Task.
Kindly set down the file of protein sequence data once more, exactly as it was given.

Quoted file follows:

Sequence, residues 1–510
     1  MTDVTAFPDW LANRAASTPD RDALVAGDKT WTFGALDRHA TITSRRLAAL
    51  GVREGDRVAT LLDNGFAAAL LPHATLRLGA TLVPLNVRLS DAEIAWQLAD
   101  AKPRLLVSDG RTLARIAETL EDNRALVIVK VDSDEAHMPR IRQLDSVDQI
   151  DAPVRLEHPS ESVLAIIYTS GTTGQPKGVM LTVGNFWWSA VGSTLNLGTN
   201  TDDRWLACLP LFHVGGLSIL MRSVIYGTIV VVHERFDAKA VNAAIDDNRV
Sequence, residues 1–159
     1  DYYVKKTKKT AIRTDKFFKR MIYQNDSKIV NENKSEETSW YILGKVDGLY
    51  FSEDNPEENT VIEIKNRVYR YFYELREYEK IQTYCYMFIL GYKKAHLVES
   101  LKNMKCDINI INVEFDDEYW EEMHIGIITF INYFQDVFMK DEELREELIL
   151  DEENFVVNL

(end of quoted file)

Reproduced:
Sequence, residues 1–510
     1  MTDVTAFPDW LANRAASTPD RDALVAGDKT WTFGALDRHA TITSRRLAAL
    51  GVREGDRVAT LLDNGFAAAL LPHATLRLGA TLVPLNVRLS DAEIAWQLAD
   101  AKPRLLVSDG RTLARIAETL EDNRALVIVK VDSDEAHMPR IRQLDSVDQI
   151  DAPVRLEHPS ESVLAIIYTS GTTGQPKGVM LTVGNFWWSA VGSTLNLGTN
   201  TDDRWLACLP LFHVGGLSIL MRSVIYGTIV VVHERFDAKA VNAAIDDNRV
Sequence, residues 1–159
     1  DYYVKKTKKT AIRTDKFFKR MIYQNDSKIV NENKSEETSW YILGKVDGLY
    51  FSEDNPEENT VIEIKNRVYR YFYELREYEK IQTYCYMFIL GYKKAHLVES
   101  LKNMKCDINI INVEFDDEYW EEMHIGIITF INYFQDVFMK DEELREELIL
   151  DEENFVVNL